Next Israeli government may be country’s most conservative, polls suggest

Israel's Prime Minister Benjamin Netanyahu, Dec. 1, 2014.
Israel's Prime Minister Benjamin Netanyahu, Dec. 1, 2014. AP

Israeli parliamentary factions on Wednesday set early elections for March 17 as snap polls suggested that those elections might result in the most conservative government in Israel’s history.

In a preliminary vote, legislators approved the dissolution of Parliament, paving the way for the elections two years ahead of schedule.

Prime Minister Benjamin Netanyahu, who set the elections in motion by firing two centrist ministers from his fractious government Tuesday, would be well positioned to put together a parliamentary majority with nationalist and ultra-Orthodox religious parties to cement his fourth term in office, polls published Tuesday and Wednesday suggested.

If elections were held now, the polls found, Netanyahu’s Likud Party would emerge as the largest faction in the 120-member Parliament, with the ultranationalist Jewish Home party in second place.

Netanyahu was rated far ahead of other party leaders as the most qualified candidate for prime minister, according to one poll, reflecting a prevalent sense that there’s no competent alternative.

He precipitated the elections by ousting Finance Minister Yair Lapid and Justice Minister Tzipi Livni, two centrists who’d sparred with him on a wide range of issues, from government defense spending to settlement construction in the West Bank and predominantly Arab East Jerusalem.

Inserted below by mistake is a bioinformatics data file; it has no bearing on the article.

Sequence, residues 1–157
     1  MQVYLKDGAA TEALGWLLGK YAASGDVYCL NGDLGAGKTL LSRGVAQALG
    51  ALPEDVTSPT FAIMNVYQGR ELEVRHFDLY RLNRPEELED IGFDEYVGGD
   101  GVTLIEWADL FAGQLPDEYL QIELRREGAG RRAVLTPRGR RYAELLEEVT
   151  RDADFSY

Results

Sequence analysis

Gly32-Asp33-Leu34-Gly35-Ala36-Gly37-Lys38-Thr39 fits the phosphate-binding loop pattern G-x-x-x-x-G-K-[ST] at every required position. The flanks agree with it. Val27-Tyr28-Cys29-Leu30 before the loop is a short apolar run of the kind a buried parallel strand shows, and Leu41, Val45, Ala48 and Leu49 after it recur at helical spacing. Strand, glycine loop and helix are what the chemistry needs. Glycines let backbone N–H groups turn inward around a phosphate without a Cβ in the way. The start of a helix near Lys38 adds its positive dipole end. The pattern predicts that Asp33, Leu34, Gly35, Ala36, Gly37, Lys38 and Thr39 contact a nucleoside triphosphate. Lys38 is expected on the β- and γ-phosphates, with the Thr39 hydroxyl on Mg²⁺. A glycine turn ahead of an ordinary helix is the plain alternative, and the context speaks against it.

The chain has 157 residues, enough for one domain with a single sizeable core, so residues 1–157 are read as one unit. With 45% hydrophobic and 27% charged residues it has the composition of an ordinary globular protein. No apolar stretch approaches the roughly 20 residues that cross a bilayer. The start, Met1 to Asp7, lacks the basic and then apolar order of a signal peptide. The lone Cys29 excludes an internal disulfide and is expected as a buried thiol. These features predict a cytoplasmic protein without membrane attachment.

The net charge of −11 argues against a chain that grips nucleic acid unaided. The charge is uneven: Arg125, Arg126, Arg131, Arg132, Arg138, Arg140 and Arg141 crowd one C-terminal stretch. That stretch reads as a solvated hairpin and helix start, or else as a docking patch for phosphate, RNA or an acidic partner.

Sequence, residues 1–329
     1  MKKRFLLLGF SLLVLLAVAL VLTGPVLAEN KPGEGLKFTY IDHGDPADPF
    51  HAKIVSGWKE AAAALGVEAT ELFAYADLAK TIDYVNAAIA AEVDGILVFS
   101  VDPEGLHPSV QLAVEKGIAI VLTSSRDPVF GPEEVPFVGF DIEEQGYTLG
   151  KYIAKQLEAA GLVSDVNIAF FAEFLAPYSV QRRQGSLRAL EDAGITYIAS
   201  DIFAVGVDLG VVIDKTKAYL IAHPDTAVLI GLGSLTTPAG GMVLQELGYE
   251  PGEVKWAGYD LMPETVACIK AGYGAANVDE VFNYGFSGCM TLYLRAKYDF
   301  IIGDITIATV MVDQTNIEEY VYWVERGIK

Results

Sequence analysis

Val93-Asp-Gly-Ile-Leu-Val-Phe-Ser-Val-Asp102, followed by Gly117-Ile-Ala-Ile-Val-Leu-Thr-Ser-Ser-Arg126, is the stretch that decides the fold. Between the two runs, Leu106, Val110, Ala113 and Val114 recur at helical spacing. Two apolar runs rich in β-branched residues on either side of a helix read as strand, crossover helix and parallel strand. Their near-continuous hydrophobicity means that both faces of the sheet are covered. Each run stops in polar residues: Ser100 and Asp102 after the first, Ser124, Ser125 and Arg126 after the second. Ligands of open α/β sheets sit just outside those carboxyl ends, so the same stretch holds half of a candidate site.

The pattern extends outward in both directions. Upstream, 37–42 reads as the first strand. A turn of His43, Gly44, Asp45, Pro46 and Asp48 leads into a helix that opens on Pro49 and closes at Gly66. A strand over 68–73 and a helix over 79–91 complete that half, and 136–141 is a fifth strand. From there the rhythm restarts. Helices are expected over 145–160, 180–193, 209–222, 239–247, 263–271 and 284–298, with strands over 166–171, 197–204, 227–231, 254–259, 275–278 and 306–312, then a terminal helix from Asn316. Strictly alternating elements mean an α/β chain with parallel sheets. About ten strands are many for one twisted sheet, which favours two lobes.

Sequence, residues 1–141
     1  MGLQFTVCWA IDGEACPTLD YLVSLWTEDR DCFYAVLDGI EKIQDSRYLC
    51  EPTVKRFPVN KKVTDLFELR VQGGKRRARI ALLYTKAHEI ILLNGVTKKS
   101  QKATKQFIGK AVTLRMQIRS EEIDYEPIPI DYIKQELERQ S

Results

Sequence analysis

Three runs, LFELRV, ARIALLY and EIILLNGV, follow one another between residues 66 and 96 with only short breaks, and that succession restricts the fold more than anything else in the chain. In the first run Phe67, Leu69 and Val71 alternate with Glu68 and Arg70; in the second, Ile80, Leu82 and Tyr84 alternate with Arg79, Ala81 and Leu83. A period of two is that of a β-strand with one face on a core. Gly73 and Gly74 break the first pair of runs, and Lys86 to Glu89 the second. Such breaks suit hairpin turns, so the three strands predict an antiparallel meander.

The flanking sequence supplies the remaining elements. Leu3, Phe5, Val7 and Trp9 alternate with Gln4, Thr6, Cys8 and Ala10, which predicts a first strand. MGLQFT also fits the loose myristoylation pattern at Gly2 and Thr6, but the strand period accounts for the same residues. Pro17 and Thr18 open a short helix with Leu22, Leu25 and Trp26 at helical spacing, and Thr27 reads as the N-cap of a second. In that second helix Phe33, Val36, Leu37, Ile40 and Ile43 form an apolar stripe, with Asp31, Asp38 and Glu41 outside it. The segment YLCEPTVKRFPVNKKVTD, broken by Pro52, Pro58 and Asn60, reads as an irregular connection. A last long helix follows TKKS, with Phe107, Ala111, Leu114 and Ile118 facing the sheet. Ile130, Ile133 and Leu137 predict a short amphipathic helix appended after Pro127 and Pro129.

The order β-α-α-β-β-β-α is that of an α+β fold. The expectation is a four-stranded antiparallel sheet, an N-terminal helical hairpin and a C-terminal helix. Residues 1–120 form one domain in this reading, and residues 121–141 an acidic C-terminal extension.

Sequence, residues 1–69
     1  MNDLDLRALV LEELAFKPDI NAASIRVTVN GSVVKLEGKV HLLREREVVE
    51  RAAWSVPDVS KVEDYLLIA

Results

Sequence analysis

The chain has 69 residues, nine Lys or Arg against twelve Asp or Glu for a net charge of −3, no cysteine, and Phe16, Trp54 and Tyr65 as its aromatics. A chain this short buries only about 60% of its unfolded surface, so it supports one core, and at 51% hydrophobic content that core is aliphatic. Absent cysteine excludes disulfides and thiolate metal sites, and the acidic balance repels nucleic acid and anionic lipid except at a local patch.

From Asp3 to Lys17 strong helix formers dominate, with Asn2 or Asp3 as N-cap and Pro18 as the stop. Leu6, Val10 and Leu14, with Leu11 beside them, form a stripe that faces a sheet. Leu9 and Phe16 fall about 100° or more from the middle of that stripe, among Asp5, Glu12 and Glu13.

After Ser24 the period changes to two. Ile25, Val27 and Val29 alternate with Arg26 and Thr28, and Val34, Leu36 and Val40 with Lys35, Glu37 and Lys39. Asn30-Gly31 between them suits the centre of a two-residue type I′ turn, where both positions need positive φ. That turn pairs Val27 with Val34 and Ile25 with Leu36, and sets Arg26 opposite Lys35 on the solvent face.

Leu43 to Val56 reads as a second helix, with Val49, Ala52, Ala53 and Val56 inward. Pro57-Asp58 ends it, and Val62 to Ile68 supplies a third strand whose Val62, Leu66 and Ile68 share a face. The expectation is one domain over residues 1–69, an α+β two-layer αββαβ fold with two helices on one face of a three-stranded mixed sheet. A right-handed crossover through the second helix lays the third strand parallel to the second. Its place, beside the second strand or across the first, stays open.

Commentators said defeating Netanyahu would depend on whether centrist and leftist parties could form a joint slate and win enough parliamentary seats to form a governing coalition.

“This is the story: Will Netanyahu retain his status as the only politician able to put together a coalition, as he has done in two previous elections, or will his rivals succeed this time in joining forces against him and leave him outside,” Aluf Benn, the editor of the liberal newspaper Haaretz, wrote in a column Wednesday.

Much depends on a large floating vote in the center, which in previous elections made its choices just days before going to the polls, said Gideon Rahat, a political scientist at the Hebrew University of Jerusalem.

“Most likely there will be a majority for the right, but the volatility of voting patterns in Israel is so great that the results are ultimately unpredictable,” Rahat said.

Netanyahu, whose Likud Party won 18 seats in the last election – compelling him to join forces with feuding coalition partners from the right and center – appealed to voters Wednesday to give his party a broad mandate to lead the next government.

“Whoever wants to give a clear mandate to lead the country to a prime minister from Likud needs to give many seats to Likud,” Netanyahu said. “This is the main lesson from our experience of the last years, and that is the challenge of this election campaign.”

At a news conference Wednesday, Lapid said Netanyahu was out of touch with the Israeli public, had harmed the country’s relations with the United States and would lose the elections.

“He made a mistake, and the price of that mistake is that he will no longer be prime minister,” Lapid said.

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